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Amb. Stephen S.F. Chen's Opening Remarks at the International Conference on 30 Years of TRA

icon2009/04/15
iconBrowse:6436

 

Opening Remarks
 
Delivered at the International Conference on 30 Years of TRA
--Retrospect and Prospects
 
At Taipei, the Republic of China
 
By Stephen S.F. Chen
 
Convener of the National Security Division,
National Policy Foundation
 
April 12, 2009
 
President Ma, Ambassador Winston Lord, honorable guests, ladies and gentlemen,
 
It is indeed a pleasure and privilege that the National Policy Foundation and the Cross-Strait Interflow Prospect Foundation, under the leadership of Chairman Lin Bih-jaw, have the opportunity to co-host this International Conference on 30 Years of the Taiwan Relations Act (TRA) in Taipei. On behalf of Chairman Lien Chan of my foundation, who is currently on an overseas trip, I am honored and privileged to deliver the opening remarks. First of all, I would like to extend our warm welcome to our guests and scholars for their attendance, especially to those who have taken the long trip to come here from the United States. I would also like to thank the Foreign Ministry and the Mainland Affairs Council for their assistance, without which, this conference would not have been possible.
 
Sixty years ago, after the Republic of China government relocated from the Mainland to Taipei in 1949, the diplomatic ties between the Republic of China and the US became the most important link in our foreign relations. I should also mention the epic victory in the Battle of Kuningtou on Kinmen (Quemoy) Island on October 25, 1949, which was a crucial morale booster for the government and our people. We owe a debt of gratitude to the fallen heroes in that decisive battle.
 
With the outbreak of the Korean War on June 25, 1950, Taiwan’s strategic status became more and more important in the Asia-Pacific region. Although the US government did not invite the Republic of China to the Peace Conference with Japan held in San Francisco in 1951, given the opposition from the Soviet Union, the UK and India, it urged Japan to sign a separate Treaty of Peace with the Republic of China in 1952. Also, in 1954, the United States signed the Mutual Defense Treaty with the Republic of China.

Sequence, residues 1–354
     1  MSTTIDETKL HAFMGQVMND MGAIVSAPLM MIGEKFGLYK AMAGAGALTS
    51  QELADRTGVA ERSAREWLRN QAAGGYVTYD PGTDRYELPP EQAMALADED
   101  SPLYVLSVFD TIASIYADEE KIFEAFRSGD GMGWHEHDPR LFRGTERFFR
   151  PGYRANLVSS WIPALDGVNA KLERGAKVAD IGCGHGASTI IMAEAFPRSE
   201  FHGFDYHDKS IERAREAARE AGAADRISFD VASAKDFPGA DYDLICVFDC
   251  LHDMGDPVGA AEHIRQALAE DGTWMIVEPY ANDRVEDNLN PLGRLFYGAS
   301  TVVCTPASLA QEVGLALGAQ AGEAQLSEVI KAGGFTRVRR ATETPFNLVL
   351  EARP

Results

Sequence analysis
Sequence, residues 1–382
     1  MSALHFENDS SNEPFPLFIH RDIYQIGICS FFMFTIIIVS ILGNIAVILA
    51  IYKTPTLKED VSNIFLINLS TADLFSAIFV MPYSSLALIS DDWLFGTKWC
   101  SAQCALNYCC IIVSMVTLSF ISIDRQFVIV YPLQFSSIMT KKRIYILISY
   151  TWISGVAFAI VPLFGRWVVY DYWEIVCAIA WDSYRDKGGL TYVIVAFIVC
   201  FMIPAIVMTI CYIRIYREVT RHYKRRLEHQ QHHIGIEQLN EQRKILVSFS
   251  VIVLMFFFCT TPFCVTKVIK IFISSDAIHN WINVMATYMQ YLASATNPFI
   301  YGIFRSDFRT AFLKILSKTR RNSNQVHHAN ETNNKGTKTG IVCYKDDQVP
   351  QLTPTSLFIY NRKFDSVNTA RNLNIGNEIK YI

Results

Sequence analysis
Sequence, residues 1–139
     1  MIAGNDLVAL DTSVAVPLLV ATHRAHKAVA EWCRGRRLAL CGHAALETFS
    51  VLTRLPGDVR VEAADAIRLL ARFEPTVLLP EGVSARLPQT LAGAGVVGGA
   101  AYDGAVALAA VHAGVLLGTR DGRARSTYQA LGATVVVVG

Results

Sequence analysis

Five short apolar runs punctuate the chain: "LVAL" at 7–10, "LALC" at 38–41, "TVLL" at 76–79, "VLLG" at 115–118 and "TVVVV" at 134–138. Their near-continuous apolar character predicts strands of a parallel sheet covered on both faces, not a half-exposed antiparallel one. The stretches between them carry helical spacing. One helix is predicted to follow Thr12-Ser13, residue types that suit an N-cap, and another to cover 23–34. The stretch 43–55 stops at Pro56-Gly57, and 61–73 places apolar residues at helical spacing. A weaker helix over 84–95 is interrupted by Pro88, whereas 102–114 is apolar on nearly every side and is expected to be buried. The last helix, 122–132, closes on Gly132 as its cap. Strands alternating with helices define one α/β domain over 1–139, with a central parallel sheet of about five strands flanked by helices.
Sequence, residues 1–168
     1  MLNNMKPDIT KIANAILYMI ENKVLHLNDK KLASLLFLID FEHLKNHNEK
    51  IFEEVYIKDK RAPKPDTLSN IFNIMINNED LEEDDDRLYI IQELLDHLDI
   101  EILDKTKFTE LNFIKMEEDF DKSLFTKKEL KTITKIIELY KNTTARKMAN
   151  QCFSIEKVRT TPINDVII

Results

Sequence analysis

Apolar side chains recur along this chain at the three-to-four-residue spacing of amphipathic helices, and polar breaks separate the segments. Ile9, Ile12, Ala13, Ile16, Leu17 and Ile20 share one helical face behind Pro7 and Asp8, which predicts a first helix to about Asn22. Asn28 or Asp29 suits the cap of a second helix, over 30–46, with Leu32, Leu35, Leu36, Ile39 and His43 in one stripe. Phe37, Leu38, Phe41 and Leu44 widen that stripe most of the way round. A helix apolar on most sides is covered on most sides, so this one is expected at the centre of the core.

The signing of the two treaties proves the fact that Taiwan belongs to the Republic of China. The two treaties helped us to successfully contain the expansion of communism, making a great contribution to the world peace.
 
Meanwhile, after the international status of the Republic of China was stabilized, including maintaining the permanent seat on the UN Security Council, the Republic of China was able to develop its economy, promote trade and enhance the welfare of its people in a more stable environment. In addition, upon such a solid economic foundation, we kept advancing the democratization process in our country. All in all, the US’s policy to maintain diplomatic ties with the Republic of China at that time contributed greatly to Taiwan’s development.
 
Parallel to the erosion of the Republic of China’s position in the United Nations, the United States, with new strategic thinking, decided to normalize relations with Mainland China. The US under the Carter administration formally recognized the People’s Republic of China at the end of 1978.
 
Actually, from Nixon, Ford to Carter, the US government had not been candid with the Republic of China in its efforts to normalize relations with the Mainland; the US had owed one of its staunchest allies, the Republic of China, so to speak. Regarding this, we can get a general outline from the memoirs of James Shen, our last Ambassador to the US, titled, “My Eight Years as Chinese Ambassador in Washington.”
 
When the US decided to sever diplomatic ties with the Republic of China, the Carter administration drafted a “Taiwan Omnibus Bill” and sent it to the Congress for approval; however, the Congress did not pass it. Rather, the Congress replaced it with a new version, titled “the Taiwan Relations Act.” Although we regretted the US’s decision to break diplomatic ties with the Republic of China, we were grateful for what the US Congress had done for us.
 
Time passes so quickly. It’s been thirty years since the “Taiwan Relations Act” was enacted. Over the past thirty years, in the absence of formal diplomatic ties between the ROC and the US, the “Taiwan Relations Act”, a US domestic law, has provided a legal framework in maintaining a substantive relationship between the two countries.
 
The Republic of China has faced all kinds of difficulties but has never given up or succumbed to adversities. The Republic of China continues to flourish with economic development and democratization advancing side by side. 
 
Since the Republic of China held its first direct Presidential election in 1996, Freedom House, a non-profit, non-partisan organization based in New York, has listed the Republic of China in the free country category. Last year, the Republic of China underwent its second turnover of ruling parties; US President George W. Bush issued a statement, congratulating President Ma Ying-jeou on his victory. President Bush praised Taiwan as a beacon of democracy for Asia and the world. 
 
The remarks from both Freedom House and President Bush are the kind of praise we deserve. It is the outcome of the entire nation’s endeavors. 
 
Today, on the 30th anniversary of the enactment of the “Taiwan Relations Act”, let us seize the opportunity to review the past, examine the present, and look into the future, which I think is highly important and meaningful.
 
Finally, I would like to wish the conference every success and thank everyone of you again for your attendance.
 

Thank you very much.

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